Seychelles will receive approximately $46.19 million in assistance under a recently negotiated Resilience and Sustainability Facility (RSF) and $56.96 million under a new expanded financing facility (EFF) with the International Monetary Fund (IMF).
IMF staff and the Seychelles authorities have reached a staff-level agreement on a successor to the two facilities following a mission to Seychelles led by Calixte Ahokpossi from March 16-29 to review the previous EFF which will will end in June.
Both programs will support the island nation’s economic policies and reforms. Seychelles is the second African country to enter into a staff-level agreement to access the Resilience and Sustainability Trust (RST).
IMF mission chief Calixte Ahokpossi told reporters on Wednesday that “to address long-term challenges, the authorities have requested access under the new facility, which helps countries make progress on their climate agenda, and we know that Seychelles is at the forefront of climate policies.”
He added that “the new EFF would support the authorities in their efforts to build on the progress of macroeconomic, fiscal and financial reforms initiated under the EFF which was approved in July 2021.”
The agreement is subject to IMF management and board approval and board review is tentatively scheduled for May 2023.
Seychelles Finance Minister Naadir Hassan explained that with the previous program ending this year, a new EFF has been negotiated to help fund further reforms.
The International Monetary Fund has also reviewed Seychelles’ progress over the previous EFF and Mr Ahokpossi said the IMF was satisfied.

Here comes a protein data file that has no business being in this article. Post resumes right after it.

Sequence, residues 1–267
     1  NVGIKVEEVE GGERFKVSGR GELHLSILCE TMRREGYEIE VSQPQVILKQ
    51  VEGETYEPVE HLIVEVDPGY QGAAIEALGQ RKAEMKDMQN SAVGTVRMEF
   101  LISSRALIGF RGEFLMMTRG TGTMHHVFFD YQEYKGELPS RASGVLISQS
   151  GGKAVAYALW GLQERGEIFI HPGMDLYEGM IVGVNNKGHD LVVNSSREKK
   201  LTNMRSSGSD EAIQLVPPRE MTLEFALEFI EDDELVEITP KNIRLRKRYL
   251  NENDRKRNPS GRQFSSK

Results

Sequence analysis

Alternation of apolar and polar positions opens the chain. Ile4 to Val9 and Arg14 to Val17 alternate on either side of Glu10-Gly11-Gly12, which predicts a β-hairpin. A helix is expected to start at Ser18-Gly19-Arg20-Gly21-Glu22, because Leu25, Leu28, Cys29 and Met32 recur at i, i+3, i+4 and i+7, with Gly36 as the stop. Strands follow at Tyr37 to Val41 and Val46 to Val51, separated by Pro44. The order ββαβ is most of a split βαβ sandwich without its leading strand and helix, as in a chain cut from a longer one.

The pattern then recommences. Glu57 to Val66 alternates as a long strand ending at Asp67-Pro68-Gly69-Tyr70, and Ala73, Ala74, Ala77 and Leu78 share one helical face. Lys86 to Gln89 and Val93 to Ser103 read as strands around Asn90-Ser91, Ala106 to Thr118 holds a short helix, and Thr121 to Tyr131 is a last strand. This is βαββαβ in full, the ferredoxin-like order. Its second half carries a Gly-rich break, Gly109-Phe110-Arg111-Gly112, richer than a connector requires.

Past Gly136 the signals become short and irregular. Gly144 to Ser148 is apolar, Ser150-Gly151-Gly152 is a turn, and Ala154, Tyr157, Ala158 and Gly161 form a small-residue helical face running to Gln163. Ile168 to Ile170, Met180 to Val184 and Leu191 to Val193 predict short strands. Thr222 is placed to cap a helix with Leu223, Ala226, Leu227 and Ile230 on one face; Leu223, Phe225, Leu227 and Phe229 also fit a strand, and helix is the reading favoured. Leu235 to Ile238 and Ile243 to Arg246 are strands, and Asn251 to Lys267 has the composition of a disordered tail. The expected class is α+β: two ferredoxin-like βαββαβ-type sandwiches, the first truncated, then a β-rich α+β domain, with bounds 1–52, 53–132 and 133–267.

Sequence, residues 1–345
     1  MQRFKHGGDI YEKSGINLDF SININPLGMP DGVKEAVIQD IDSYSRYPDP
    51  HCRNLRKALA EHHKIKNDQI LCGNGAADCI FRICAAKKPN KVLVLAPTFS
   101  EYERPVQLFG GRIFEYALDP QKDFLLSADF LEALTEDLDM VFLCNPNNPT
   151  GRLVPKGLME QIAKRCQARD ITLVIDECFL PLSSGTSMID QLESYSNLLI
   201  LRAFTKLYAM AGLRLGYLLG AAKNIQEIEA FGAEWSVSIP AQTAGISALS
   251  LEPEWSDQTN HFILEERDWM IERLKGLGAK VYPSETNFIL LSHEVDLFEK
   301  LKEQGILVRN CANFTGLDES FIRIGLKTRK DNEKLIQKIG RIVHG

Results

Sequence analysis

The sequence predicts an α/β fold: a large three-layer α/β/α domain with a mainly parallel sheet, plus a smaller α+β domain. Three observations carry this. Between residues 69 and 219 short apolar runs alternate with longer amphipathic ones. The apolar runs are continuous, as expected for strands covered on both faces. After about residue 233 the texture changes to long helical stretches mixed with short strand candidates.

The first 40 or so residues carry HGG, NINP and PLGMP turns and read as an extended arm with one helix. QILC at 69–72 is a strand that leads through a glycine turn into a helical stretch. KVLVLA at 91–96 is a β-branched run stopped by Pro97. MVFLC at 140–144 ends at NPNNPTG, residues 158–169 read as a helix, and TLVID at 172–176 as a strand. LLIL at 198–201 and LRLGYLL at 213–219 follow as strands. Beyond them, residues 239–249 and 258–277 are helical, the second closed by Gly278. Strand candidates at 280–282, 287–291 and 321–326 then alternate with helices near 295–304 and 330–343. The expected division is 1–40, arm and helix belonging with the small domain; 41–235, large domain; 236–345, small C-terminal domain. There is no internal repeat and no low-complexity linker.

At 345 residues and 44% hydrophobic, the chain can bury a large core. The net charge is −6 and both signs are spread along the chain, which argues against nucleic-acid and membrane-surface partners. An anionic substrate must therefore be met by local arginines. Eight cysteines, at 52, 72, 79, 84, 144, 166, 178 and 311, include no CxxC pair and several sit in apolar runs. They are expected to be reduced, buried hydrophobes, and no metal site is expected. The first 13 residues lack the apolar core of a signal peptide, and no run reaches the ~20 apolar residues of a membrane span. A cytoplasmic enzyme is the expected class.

“The government has made significant progress in implementing the policies and reforms set out in the current IMF-supported EFF program and in restoring macroeconomic balances,” he said.
“Quantitative performance has been strong and the broader structural reform agenda has also progressed at a good pace. The current program should be canceled and replaced by the new one,” Ahokpossi said.
The IMF report after the review says that despite a challenging global environment, tourism has recovered strongly in 2022, with arrivals reaching around 87% of pre-pandemic levels.
From 5.4% in 2021, GDP growth accelerated to 9% and this year the economy is expected to grow at a reduced rate of 4.3%. The challenging global environment, however, exposes this outlook to downside risks related to tourism.
“Inflation in Seychelles was relatively low in 2022, reflecting the lagged effects of currency appreciation as well as base effects. After averaging 9.8% in 2021, inflation fell to 2.6 % on average in 2022. For 2023, inflation is expected to continue to moderate and decline to 1.4% on average in 2023,” the report adds.
Unlike deficits of 3.2% in 2021 and 15.2% in 2020, Seychelles recorded a primary fiscal surplus of 0.7% of GDP last year.